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Reading between the lines: Local economic update - June 2012

Published

2012

Thu

14

Jun

By Tendani Mantshimuli, consumer economist, Liberty Life

 

The Reserve Bank left interest rates unchanged but its statement provides a clear view on the South African economy.

 

The South African Reserve Bank (SARB)'s Monetary Policy Committee (MPC) left interest rates unchanged with the repo rate at 5.5% and the prime overdraft rate at 9.9% during its meeting in May. 

 

The decision was taken against a backdrop of a deepening economic crisis in Europe. Since Europe is an important trading partner for South Africa, developments there impact on South Africa. For consumers the unchanged interest rates means that the cost of servicing debt is still the lowest it's been for a while, yet debt levels remained stubbornly high at around 75% (household debt at a percentage of household disposable income) during the last quarter of 2011.

 

SARB on inflation

Inflation is forecast to revert to within the target by the third quarter of this year. CPI[1] for April 2012 came in slightly below market consensus at 6.1% compared to 6.0% in March. 

 

On a month-to-month basis inflation only increased 0.4% compared to a 1.1% increase for March.  Not surprisingly, the biggest increase in April was the transport sector which incorporated the large (71 cents per litre) increase in petrol prices.

 

The higher energy prices do not appear to have fed through to second round effects[2] although core inflation (excluding petrol and energy prices) has ticked up to 4.5%.   According to the SARB, the forecast for core inflation continues to show a moderate upward trend in the short to medium term.

 

Core inflation is expected to peak at an average of 5.5% in the second quarter of 2013, marginally higher than the previous forecast, before moderating, and averaging 4.5%in the final quarter of 2014. No doubt the SARB will continue to watch this closely.  Food inflation remained unchanged since March, although this might be impacted in the months to come by an uptick in global food prices as well as Rand weakness.

 

SARB on growth

The Bank’s central forecast for GDP[3] growth is more or less unchanged since the previous meeting of the MPC. The bank expects economic growth of 2.9% for 2012, 3.9% for 2013 and 4.1% in 2014.

 
There is no doubt that the gloomy prospects of the global economy have had some effect on South Africa's growth for the first quarter of this year. Growth in real GDP moderated from 3.2% in Q4 2011 to 2.7% during Q1 2012. Although growth slowed it was better than the consensus forecast.

 

Economic growth: the drivers and brakes

The slowdown in economic growth was due to a massive decline in mining production.  Surprisingly manufacturing output did very well contributing 1.2 % to this quarter’s growth; this despite the monthly indicators suggesting a weakening in the manufacturing sector.  Unfortunately this is one sector that is more likely to be impacted by adverse economic developments in Europe as it is export reliant.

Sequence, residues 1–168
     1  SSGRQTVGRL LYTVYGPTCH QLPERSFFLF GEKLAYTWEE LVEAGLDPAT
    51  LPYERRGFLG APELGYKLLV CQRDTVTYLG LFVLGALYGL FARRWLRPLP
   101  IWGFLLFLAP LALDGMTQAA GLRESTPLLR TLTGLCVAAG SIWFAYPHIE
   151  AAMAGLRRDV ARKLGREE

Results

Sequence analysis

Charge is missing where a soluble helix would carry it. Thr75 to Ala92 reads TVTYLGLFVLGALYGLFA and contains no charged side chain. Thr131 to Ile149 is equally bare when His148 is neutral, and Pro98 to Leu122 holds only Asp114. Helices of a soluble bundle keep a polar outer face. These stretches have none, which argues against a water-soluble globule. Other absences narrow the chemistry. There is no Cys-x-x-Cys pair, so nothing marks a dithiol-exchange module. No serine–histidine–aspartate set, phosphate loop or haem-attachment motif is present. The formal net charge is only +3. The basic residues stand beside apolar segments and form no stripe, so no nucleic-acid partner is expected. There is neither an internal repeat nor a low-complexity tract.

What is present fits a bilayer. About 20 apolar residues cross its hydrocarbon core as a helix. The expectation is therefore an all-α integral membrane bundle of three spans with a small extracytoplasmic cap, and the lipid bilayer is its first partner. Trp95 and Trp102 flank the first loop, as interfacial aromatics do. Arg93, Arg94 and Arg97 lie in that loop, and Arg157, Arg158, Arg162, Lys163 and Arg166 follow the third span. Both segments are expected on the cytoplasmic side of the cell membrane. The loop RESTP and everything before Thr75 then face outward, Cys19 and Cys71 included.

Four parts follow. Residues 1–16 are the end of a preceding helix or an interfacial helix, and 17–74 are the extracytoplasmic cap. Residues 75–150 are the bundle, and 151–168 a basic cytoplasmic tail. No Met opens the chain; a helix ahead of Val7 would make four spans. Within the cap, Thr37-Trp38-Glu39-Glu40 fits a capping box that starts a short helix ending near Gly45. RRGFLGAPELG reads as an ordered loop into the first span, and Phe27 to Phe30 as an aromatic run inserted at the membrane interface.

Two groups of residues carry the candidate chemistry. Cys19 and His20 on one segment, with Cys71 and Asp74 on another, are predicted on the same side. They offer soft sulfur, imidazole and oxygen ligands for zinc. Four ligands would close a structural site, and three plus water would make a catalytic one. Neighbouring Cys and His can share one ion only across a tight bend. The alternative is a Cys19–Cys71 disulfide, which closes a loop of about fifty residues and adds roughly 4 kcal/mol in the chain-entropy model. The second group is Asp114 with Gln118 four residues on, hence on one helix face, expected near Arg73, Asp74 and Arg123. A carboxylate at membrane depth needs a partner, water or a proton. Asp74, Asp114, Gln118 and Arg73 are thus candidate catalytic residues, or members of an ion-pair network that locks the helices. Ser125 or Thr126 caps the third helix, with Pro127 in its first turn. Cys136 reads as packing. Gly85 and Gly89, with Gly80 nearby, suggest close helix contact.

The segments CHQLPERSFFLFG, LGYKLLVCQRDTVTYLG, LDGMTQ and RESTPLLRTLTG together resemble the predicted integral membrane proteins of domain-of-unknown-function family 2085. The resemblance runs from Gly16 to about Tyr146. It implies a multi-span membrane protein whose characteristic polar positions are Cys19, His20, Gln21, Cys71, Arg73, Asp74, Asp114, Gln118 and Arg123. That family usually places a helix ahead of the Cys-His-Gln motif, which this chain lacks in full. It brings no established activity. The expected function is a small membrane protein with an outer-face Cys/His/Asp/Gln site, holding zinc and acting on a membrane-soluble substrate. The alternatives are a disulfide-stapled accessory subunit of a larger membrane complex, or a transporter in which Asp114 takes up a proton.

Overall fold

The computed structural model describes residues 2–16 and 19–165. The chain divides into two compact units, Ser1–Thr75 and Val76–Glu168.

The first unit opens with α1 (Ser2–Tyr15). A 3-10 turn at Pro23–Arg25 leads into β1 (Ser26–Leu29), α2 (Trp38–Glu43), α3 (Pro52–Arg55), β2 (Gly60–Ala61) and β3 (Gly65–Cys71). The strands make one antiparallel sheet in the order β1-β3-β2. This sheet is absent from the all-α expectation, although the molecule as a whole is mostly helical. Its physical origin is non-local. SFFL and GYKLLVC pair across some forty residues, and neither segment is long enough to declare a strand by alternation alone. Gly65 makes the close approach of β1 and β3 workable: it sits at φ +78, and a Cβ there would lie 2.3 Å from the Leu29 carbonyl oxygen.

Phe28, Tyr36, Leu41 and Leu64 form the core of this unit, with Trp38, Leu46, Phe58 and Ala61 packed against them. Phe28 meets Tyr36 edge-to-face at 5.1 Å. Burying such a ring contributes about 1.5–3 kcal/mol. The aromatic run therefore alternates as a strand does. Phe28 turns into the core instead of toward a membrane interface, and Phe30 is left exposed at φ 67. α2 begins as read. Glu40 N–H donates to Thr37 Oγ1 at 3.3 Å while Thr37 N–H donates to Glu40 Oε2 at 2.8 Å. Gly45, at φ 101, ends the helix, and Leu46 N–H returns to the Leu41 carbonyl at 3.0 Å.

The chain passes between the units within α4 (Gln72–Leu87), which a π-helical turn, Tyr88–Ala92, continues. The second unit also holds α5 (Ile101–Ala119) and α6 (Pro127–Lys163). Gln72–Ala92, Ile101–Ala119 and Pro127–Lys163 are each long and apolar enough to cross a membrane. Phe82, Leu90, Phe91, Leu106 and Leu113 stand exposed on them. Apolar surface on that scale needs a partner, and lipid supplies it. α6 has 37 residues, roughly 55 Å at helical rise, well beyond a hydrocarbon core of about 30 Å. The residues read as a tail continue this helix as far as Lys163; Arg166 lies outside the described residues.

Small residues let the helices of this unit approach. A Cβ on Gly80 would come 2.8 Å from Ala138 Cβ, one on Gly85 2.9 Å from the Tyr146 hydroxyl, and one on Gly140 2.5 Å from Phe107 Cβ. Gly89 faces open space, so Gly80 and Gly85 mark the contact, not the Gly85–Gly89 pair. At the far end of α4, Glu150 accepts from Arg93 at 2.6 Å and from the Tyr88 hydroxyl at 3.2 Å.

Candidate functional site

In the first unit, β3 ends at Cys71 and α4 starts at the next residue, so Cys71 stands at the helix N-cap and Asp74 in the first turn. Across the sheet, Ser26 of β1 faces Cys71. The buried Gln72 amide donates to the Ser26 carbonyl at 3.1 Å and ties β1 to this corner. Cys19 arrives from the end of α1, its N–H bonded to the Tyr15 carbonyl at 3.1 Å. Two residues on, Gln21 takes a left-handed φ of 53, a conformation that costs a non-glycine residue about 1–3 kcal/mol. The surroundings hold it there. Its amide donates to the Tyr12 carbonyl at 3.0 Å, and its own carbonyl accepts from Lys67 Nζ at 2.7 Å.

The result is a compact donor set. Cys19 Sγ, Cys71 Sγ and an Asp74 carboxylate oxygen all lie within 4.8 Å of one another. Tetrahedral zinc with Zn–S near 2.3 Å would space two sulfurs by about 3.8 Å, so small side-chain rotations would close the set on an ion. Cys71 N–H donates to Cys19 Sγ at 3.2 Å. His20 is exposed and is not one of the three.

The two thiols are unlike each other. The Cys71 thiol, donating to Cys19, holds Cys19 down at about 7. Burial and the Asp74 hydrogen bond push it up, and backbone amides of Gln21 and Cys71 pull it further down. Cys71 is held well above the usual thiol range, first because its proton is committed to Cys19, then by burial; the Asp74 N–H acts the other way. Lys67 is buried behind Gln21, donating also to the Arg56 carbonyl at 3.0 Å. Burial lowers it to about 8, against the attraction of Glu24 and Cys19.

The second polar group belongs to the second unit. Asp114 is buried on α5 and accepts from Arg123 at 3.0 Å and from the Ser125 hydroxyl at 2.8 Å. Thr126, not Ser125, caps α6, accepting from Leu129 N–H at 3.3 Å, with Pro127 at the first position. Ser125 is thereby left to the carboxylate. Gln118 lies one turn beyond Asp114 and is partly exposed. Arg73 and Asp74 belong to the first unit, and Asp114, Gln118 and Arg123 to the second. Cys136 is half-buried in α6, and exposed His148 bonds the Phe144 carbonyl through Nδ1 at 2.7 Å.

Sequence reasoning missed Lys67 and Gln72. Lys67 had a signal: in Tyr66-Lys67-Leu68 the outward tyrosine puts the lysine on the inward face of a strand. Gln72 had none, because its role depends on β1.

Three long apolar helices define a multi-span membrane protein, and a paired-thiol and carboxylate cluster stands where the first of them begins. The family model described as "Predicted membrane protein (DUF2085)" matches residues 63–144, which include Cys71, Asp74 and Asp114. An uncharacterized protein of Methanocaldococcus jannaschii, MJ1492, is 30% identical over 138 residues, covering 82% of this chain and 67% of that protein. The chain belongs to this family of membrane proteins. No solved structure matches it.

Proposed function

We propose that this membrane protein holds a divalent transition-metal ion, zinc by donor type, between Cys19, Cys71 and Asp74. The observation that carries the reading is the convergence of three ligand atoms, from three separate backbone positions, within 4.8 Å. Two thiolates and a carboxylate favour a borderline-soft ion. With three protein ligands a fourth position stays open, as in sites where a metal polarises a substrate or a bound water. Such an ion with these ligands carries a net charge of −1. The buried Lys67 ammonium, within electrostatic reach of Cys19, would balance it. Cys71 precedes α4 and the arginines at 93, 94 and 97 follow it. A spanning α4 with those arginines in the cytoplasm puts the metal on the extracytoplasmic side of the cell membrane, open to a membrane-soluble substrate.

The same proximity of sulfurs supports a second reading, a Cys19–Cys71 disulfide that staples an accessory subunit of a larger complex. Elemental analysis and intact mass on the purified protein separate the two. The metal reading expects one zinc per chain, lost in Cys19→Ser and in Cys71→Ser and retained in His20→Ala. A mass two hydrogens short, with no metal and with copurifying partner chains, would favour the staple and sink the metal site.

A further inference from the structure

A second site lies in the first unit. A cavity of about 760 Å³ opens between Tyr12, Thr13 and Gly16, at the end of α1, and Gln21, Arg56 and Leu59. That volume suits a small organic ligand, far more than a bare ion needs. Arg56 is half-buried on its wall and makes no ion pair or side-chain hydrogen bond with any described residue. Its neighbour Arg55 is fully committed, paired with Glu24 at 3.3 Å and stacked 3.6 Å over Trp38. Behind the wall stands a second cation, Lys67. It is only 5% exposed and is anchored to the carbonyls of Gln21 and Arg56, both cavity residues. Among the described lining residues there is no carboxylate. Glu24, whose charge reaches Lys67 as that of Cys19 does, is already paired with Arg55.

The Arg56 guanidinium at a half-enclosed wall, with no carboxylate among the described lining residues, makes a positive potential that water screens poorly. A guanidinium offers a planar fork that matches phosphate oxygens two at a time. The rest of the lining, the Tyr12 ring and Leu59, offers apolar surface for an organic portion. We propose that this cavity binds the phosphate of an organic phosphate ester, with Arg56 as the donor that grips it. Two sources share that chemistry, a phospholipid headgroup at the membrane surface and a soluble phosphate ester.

Therefore it is the domestic demand, as indicated by sustained increases in retail trade output, which has supported the manufacturing sector. This indicates that the South African consumer continues to be resilient.

 

Consumer spending during the first quarter was supported by an increase in salaries and wages but also by a strong increase in unsecured lending.  Unsecured lending is credit that a person is able to obtain from a financial institution without being required to provide collateral.

 

If the lending takes place in a disciplined fashion there is no cause for concern. It will be a concern if consumers are overextending themselves in an environment where debt levels are still quite high. While interest rates may be at their lowest for decades, the consumer should be cautious about incurring more debt because interest rates are likely to increase in 2013.

 

The mining sector came under pressure partly due to some work stoppages and the impact of lower commodity prices. The mining sector is one of the most labour intensive in this economy, providing employment to over 300 000 according to the latest Quarterly Labour Force Survey. Continued poor performance by this sector does not bode well for employment prospects.  To sustain consumption expenditure, that supports overall growth, we need to see a meaningful increase in employment.

 

References:

 

[1] Consumer price index is calculated by the monthly change in price of a set basket of goods.

[2] Second round effects occur when the primary price increase leads to price increases in other goods.

[3]Gross Domestic Product: the total market value of all final goods and services produced in a country in a given year.

 
Source: Fleishman-Hillard | Digital. Integrated. Global.
 
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